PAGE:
Tag Archives: École biblique

My friend, Luke Dempsey, O.P. (R.I.P.) Thanks for everything.

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There’s some resemblance with the Angelic Doctor…

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I’ve known Father Luke Dempsey OP since the mid-1980s. Born: February 7th, 1934 – Died: February 9th, 2020. Quick witted humor. Diplomatic hospitality. Brilliant in his dealings with the Dominican Sisters from the Philippines and Sicily who took care of us. He very much voted for the underdog, but was without pity for any entitlement mentality, or any immorality. Out. Gone. Instantaneous.

In 2003, coming from Australia and landing on a mountain top near Viterbo, I called him up just to say hello and he responded instantly by inviting me down to Rome the next day so as to offer me a room at the college where he was once again the rector. Mind you, the waiting list can be one or two years long and he might well have tossed someone to get me in. That college was attached to the Dominican’s Angelicum University. Back to the good old days, thought I.

Luke sponsored me some ten years earlier when I was not attending the Angelicum (which was otherwise the rule). I was going to the Jesuit’s Pontifical Biblical Institute. Luke was ever the ecumenist with the Jesuits, as he himself had been the rector of the somewhat rival École biblique et archéologique française de Jérusalem. Good for him.

Significantly and over the years, Luke introduced me by way of long discussions and provisions of books to the first rector and founder of the École biblique, the Servant of God, Marie-Joseph Lagrange, O.P. Lagrange became a great hero of my thesis on Genesis, particularly because of his volume on Genesis, pretty much all copies of which the Dominicans burned everywhere in the world, though I was able to get my hands on an original purple-carbon-typewriter copy, and then an extremely rare copy of the published book. ;-) In it I found a most faith-filled respect for the Jewish inspired human authors of the Scriptures and their take on mythology, Lagrange’s attitude being entirely against the heretics and modernists, entirely contra mundum. Wow! thought I. This is great! This guy should be canonized for his humility and fidelity to the Church over against the modernists, but he should also be recognized for his heroic stance for respect for the Jews, especially in those years leading up to the holocaust. Even in far away Jerusalem he was pretty much taking his life in his hands going against all biblical scholars of the day, particularly the murderous scholars who were followers of Hitler.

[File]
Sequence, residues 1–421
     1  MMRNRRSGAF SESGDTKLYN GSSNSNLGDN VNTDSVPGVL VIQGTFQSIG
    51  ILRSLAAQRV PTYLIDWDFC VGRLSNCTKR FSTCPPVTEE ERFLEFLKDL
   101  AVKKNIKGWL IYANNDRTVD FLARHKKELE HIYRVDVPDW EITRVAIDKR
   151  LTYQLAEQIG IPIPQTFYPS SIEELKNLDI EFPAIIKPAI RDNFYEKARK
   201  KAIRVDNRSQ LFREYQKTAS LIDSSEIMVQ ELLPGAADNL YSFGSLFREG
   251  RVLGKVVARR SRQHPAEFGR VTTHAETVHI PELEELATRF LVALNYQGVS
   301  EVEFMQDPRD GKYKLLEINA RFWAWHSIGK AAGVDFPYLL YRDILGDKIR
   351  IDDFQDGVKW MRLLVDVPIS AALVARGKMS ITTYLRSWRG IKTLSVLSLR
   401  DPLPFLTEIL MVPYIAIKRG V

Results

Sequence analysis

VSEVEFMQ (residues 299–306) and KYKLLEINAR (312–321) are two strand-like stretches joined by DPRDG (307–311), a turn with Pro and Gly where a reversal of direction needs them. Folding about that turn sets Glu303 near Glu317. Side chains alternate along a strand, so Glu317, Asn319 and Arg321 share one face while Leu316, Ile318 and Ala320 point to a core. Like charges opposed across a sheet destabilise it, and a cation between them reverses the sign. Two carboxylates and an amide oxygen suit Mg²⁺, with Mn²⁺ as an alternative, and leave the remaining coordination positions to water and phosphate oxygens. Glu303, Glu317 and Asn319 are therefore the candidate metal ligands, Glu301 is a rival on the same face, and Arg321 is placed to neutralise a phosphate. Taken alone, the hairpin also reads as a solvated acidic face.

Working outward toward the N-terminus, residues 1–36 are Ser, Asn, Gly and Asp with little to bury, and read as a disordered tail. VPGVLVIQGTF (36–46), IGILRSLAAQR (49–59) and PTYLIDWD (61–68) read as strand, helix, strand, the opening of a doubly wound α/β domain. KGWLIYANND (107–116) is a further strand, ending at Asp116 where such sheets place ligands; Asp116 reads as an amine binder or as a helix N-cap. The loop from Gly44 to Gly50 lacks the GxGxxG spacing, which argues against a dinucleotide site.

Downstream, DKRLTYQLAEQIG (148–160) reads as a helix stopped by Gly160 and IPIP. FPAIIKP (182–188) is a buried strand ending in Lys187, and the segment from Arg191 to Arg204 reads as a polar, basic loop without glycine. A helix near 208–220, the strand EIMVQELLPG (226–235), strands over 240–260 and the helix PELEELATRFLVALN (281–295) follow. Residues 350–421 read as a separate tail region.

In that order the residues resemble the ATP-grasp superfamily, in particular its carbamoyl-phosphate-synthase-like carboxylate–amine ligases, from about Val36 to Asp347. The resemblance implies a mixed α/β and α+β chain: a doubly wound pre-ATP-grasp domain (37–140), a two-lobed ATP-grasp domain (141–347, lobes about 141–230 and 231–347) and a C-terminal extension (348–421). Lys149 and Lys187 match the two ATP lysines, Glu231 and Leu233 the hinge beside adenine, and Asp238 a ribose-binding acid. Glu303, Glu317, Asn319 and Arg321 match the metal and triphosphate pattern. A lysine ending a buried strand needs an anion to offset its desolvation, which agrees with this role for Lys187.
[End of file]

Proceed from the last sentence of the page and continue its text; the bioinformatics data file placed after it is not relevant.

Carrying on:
One of the people Luke also had staying at that college in Rome procured some huge perspective changes for me. I owe a huge debt of gratitude to Arnold Frankin (RIP), a layman, one of Europe’s most noted attorneys and a world-class ancient Semitic language scholar specializing in the old northern Canaanite languages. He carefully combed through my manuscript and daily came to the Biblicum library to assist me with cuneiform texts…

Anyway, back to Luke.

I remember once in the summertime when we had only one full table seating 12 in the refectory of the college. Father Luke was, of course, presiding. An Australian priest studying moral theology got very loud and boisterous singing the praises of condoms. Luke hates that kind of thing. He also likes people to be polite. Having studied at the original JPII Insititute for the Family, I mercilessly talked over the Australian priest, telling him how stupid it was to shove a hose up a woman so as to effectively do no more than masturbate with someone you respect no more than a piece of meat. (Sorry for graphic language!) Father Luke laughed loudly – turning deep red – and, to his great credit, leaning back in his chair with a broad smile, congratulated me profusely whilst the Aussie took the hit, stunned into silence. When the Aussie finally started to mutter some sort of response, Luke smacked him down again. Hah!

At meals until this very day I always fondly remember Father Luke as he made a big deal of prayer before and after meals. NO ONE could eat in the huge refectory until we prayed, though sometimes we would wait for ten minutes, a couple of times more than half an hour for famous guests to arrive. There were very often dignitaries from the Catholic or other churches, or politicians from all over the world. It was almost obligatory to visit Father Luke’s lunch table before meeting with the Holy Father in the Vatican.

The meal blessing was always in Latin:

  • BENEDIC, Domine, nos et haec tua dona quae de tua largitate sumus sumpturi. Per Christum Dominum nostrum. Amen.

Likewise, NO ONE could leave the meal, even if it went on for 90 minutes as it very often did, until the final prayer for the repose of the souls of the faithful departed was said. It would be appropriate for all of us to say that together for him, now that he also has passed away:

  • Fidelium animae, per misericordiam Dei, requiescant in pace. Amen.

Pray for us, too, dear Luke.

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